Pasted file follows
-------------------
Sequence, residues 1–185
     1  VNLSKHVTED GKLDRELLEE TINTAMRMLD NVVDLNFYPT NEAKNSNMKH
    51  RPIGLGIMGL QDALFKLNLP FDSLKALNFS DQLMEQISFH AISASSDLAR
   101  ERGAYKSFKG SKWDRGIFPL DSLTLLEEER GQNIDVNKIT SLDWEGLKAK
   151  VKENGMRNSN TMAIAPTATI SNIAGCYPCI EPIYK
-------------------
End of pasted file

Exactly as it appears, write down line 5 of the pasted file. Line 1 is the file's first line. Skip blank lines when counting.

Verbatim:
   151  VKENGMRNSN TMAIAPTATI SNIAGCYPCI EPIYK